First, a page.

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C Tutorial – Constants, Variables and Data Type Modifiers

Constant

A constant can be defined as “a quantity that does not change during the execution of a program”.

#include <stdio.h>
 
void main(void)
{
        int a = 10;
        printf(“%d”,a);
}

Program Output
10

Here we are declaring a variable a with its initial value 10. 10 here is an integer constant and every time you try to execute this program, the output will always be 10.




Types of Constants

Integer Constant
An integer constant must have atleast one digit and should not have decimal point. It could either be positive or negative.

Real Constant
A real constant must have atleast one digit and must have a decimal point.

Character Constant
A character constant should be only one character and must be enclosed in single quotes e.g. ‘A’, ‘b’, etc.

Variables

A variable is a name give to the space in the memory for holding data such as integers, characters, floating point numbers, strings, etc. Using a variable name is more convenient than using the memory locations.

There are certain rules for naming variables for which you need to refer to the rules for identifiers.

Declaration of variables
To declare a variable means to create a memory space for the variable depending on the data type used and associate the memory location with the variable name. In C all the variables should be declared before it can be used. Also you cannot re-declare a variable once it has been already declared.

The general pattern for declaring a variable is as follows:

, , ;

e.g.:

	int age;
	int age, count, i,j;
	float amount, rateofinterest, totalbalance;
	char ch;

Constant Variables

A constant variable is also called a named constant. A named constant is really a variable whose content is read-only and cannot be changed while the program is running. Here is a declaration of a named constant.

	const float pi = 3.14;

It looks just like a regular variable declaration except that the word const appears before the data type name. const is a qualifier that tells the compiler to make the variable read only. Its value will remain constant throughout the programs execution.

An initialization value must be given when declaring a variable with the const qualifier, or an error will result when the program is compiled. A compiler error will also result if there are any statements in the program that attempt to change the contents of a named constant.




Data type modifiers

We have so far learned about the fundamental data types, why they are used, their default sizes and values. Now let us understand the need for data type modifiers and the way they can be used.

Let us consider an example of a program, which will accept an age from the user to do some processing. Because the age is represented in numbers, so we will have to use the integer data type int. We all know that even under exceptional case an age of a person cannot exceed more than 150. Now, that we are using an integer data type it occupies 2 Bytes of memory, which would not be required to represent the value 150. Instead the value 150 could easily be saved in an integer of 1 Byte in size, but the default size of an integer is 2 Bytes. So we have a problem here.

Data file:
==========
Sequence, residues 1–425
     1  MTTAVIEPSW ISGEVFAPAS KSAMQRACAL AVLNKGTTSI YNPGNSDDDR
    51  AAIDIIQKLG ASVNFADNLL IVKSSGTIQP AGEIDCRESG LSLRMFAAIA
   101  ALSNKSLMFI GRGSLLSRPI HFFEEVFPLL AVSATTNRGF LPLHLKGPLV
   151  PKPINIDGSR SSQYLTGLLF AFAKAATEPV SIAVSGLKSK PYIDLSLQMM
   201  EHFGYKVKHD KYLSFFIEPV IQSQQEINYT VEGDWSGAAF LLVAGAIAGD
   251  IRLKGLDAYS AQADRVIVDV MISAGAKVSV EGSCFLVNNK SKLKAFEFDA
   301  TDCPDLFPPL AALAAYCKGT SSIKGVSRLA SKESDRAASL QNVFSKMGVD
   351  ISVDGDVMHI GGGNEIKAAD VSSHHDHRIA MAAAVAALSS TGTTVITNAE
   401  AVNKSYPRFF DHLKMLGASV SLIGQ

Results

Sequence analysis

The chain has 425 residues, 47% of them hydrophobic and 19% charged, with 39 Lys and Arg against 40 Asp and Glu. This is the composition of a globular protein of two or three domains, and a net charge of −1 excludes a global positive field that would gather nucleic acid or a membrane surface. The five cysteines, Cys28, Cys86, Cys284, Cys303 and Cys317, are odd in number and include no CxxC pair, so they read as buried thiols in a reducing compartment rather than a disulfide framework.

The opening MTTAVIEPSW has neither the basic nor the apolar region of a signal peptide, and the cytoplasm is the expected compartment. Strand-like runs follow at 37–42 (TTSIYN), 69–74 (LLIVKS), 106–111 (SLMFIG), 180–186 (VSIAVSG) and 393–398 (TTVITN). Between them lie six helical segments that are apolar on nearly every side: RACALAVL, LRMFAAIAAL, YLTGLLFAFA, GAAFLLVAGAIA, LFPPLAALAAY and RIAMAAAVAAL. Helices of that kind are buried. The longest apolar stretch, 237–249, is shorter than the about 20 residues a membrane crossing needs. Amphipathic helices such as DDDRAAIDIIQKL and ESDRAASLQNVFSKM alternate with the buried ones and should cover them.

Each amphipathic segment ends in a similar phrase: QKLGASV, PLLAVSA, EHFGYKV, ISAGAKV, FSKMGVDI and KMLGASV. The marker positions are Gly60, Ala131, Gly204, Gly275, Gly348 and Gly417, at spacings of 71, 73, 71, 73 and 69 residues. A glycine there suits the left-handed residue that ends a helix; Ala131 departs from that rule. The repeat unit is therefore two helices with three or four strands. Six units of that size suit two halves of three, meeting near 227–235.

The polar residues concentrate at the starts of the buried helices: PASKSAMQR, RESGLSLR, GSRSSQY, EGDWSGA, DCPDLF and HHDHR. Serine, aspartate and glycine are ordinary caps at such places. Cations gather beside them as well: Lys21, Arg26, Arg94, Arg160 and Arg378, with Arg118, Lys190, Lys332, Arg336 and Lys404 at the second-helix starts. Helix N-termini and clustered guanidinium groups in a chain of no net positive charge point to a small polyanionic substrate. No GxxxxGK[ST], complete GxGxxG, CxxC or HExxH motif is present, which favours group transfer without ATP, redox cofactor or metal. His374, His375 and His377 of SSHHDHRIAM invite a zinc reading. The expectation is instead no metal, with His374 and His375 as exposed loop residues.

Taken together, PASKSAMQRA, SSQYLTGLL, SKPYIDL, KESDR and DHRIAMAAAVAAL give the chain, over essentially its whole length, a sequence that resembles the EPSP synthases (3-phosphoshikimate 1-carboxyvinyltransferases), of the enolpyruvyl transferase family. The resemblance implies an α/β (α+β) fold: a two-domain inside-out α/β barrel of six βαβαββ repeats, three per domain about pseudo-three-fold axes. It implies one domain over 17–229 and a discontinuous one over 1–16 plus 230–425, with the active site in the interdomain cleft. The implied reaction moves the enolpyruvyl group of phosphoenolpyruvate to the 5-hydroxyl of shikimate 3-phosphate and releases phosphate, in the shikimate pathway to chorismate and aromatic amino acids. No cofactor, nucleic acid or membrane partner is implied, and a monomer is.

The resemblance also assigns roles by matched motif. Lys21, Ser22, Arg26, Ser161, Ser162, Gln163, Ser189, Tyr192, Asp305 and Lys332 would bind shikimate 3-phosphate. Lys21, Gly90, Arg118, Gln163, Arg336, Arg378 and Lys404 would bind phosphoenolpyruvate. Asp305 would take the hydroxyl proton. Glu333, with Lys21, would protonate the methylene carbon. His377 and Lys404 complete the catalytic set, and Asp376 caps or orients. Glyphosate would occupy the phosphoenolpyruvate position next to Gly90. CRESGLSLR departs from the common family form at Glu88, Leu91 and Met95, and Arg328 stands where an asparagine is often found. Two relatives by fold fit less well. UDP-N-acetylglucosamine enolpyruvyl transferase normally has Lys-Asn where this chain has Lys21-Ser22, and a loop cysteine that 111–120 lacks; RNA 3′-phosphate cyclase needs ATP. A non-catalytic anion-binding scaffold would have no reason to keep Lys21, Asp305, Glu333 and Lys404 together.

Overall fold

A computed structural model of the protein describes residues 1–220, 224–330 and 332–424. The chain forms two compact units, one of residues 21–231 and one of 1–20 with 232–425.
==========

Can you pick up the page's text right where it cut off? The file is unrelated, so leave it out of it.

Well, not that we can’t solve. To override the default nature of a data type, C has provided us with data type modifiers as follows:

signed
By default all data types are declared as signed. Signed means that the data type is capable of storing negative values.

unsigned
To modify a data type’s behavior so that it can only store positive values, we require to use the data type unsigned.

For example, if we were to declare a variable age, we know that an age cannot be represented by negative values and hence, we can modify the default behavior of the int data type as follows:

       unsigned int age;

This declaration allows the age variable to store only positive values. An immediate effect is that the range changes from (-32768 to 32767) to (0 to 65536)

long
Many times in our programs we would want to store values beyond the storage capacity of the basic data types. In such cases we use the data type modifier long. This doubles the storage capacity of the data type being used. E.g. long int annualsalary will make the storage capacity of variable annualsalary to 4 bytes.

The exception to this is long double, which modifies the size of the double data type to 10 bytes. Please note that in some compilers this has no effect.

short
If long data type modifier doubles the size, short on the other hand reduces the size of the data type to half. Please refer to the example of age variable to explain the concept of data type modifiers. The same will be achieved by providing the declaration of age as follows:

	short int age;

This declaration above, will provide the variable age with only 1 byte and its data range will be from -128 to 127.

This was about constants, variables and data type modifiers. In the subsequent C Tutorials you will learn about C Operators.

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  1. sreenivasrao.R
    July 9th, 2008 at 11:47 | #1

    the information that u have given is exceptionally sufficient and thanks for the same

  2. neha
    December 31st, 2009 at 10:13 | #2

    thanx for help:at a class time test

  3. swathi
    January 25th, 2012 at 05:54 | #3

    we want some more infermation

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